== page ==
We thought about stopping at Enslow wharf near the Rock of Gibraltar pub but we had no luck there either. Shortly after, the heavens opened and the rain hammered down. A short piece of piling in front of bridge 214 by the golf course near Kirtlington looked too inviting to pass. It had obviously been too inviting for nb Beaujolais too as they were already tied up and doing what we were about to do – have lunch. An hour later we were fed and watered so with the rain almost finished we set off again hoping that the worst of the day’s showers were over.

We reached Lower Heyford where there were plenty of mooring spaces but most of them just a bit too close to the railway line. When we reached Allens lock we met another boat on its way down. This wasn’t really unusual today as we had met enough boats on the way to make our passage through the locks less strenuous than it might otherwise have been. The crew of nb Dove consisted of a couple in their sixties, the lady at the tiller and the gent on lock duty. When he tried to push the lock gate the wrong way he explained to Sue that he was just testing it because some gates got locked by the water —hmmmm! He then tried to climb back on his boat at the foot of the lock but somehow managed to dip his foot in the canal, no doubt testing the water too!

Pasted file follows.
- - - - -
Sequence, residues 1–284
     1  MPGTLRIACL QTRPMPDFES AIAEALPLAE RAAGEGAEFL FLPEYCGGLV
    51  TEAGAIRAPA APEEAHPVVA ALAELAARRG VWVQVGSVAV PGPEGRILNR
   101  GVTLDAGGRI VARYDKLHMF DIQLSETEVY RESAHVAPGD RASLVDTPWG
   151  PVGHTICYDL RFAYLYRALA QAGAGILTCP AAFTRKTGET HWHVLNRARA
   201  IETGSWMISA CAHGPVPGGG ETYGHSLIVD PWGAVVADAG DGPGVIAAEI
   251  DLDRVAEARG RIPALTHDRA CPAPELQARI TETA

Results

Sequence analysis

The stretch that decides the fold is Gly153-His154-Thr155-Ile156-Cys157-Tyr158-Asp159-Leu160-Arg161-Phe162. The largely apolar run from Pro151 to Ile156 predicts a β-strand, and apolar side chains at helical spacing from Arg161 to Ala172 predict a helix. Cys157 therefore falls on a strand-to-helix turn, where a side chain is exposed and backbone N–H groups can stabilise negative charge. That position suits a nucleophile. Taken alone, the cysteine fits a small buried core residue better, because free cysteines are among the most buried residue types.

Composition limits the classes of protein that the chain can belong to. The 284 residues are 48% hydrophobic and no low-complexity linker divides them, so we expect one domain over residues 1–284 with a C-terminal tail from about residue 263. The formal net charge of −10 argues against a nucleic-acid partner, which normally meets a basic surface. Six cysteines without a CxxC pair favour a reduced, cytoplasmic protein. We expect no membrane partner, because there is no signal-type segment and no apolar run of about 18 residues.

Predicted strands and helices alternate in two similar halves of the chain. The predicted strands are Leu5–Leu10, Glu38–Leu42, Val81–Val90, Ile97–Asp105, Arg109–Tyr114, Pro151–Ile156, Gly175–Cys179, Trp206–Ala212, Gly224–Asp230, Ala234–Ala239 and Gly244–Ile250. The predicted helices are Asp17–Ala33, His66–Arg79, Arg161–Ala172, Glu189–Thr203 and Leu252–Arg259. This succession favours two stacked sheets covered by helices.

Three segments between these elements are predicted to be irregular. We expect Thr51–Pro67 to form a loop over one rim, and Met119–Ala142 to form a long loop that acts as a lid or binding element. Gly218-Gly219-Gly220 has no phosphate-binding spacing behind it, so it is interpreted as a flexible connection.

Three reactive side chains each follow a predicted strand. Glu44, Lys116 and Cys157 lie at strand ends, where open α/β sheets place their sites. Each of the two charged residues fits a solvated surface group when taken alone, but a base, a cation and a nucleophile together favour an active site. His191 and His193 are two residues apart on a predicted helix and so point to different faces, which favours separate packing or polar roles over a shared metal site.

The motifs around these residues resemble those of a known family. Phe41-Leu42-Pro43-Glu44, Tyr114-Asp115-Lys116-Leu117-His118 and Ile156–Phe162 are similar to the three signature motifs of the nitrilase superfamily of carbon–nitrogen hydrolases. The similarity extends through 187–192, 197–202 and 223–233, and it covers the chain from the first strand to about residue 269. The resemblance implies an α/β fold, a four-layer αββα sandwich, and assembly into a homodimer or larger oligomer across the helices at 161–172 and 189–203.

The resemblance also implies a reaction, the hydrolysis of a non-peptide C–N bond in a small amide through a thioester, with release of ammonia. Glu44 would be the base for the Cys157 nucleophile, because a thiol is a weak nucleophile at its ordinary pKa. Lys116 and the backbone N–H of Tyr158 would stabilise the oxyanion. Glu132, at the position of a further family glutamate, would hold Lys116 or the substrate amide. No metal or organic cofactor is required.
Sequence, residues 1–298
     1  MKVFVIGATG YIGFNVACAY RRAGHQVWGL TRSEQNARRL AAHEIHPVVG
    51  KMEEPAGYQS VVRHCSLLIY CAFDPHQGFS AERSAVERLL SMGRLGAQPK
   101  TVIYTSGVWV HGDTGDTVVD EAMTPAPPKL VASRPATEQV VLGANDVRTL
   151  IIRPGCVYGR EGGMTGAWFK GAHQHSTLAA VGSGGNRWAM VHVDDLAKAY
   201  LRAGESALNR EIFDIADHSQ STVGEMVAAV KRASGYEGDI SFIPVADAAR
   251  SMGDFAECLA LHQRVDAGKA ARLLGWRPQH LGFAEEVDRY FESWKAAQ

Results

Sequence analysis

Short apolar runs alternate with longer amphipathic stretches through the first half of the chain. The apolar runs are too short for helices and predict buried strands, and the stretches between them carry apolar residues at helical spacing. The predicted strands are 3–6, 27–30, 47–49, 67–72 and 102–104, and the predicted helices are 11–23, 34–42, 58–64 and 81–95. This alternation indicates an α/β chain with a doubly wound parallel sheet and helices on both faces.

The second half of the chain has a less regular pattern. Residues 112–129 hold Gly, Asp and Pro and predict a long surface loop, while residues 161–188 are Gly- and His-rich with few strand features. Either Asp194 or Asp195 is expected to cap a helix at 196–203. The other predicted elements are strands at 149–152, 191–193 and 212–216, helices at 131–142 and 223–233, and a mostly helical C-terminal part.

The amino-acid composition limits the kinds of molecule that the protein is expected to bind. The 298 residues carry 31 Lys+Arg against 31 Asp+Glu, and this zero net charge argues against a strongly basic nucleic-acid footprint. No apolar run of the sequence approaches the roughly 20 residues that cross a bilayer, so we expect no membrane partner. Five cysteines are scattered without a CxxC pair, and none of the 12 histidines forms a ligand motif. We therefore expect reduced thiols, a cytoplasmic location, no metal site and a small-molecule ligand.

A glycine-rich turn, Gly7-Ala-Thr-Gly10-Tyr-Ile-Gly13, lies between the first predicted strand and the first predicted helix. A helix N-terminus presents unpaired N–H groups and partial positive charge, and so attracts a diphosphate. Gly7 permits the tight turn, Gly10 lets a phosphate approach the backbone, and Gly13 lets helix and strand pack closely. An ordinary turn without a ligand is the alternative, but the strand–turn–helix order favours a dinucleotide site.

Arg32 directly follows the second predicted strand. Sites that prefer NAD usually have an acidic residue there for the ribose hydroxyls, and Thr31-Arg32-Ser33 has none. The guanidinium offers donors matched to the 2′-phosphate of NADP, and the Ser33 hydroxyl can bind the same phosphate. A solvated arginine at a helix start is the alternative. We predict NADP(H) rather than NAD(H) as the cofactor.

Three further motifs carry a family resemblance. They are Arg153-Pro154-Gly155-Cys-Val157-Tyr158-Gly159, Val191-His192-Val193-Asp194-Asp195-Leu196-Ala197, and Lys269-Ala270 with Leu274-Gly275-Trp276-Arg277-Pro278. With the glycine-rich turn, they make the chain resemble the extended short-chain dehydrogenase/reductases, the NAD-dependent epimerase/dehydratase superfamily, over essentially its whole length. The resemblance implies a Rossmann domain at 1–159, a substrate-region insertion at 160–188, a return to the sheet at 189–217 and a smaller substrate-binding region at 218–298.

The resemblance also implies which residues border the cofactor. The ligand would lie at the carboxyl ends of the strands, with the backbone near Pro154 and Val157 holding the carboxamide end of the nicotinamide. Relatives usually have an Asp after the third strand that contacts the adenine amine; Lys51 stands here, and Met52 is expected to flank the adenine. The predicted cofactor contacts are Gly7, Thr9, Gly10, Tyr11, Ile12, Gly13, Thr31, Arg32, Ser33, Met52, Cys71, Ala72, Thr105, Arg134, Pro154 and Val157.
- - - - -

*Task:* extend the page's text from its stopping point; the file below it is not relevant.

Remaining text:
Time was getting on by now and we still had no place to moor but with the prospect of a short hop into Banbury on Sunday a real possibility, we were happy enough. It was still windy but it wasn’t cold and the sun was shining. I set myself a target, an ambitious one I admit, well actually a bloody reckless one but it seemed funny at the time. Most boaters would say that the best time to land at a prime mooring is mid morning and we have found that to be right. My target was to moor at Ayno wharf and have a drink in the Great Western Arms, Sue laughed and I can’t say that I blame her since we were about eight hours after prime mooring time. Needless to say there were no spaces on the visitor moorings so I’m afraid that I had to cheat and moor on the shop mooring space. If we’re still here when the shop opens in the morning we’ll buy the diesel that we need, otherwise it’ll be so long and thanks for your hospitality. So I got the mooring but did I get my pint? Well, no I didn’t. I did go to the pub to see how busy it was but it was full and it wasn’t full of boaters and especially not scruffy ones who had been boating all day. So I guess that I technically succeeded in reaching my target but with a cheated mooring and with no more than a foot on the pub doorstep I probably fell short of it.

Journey’s End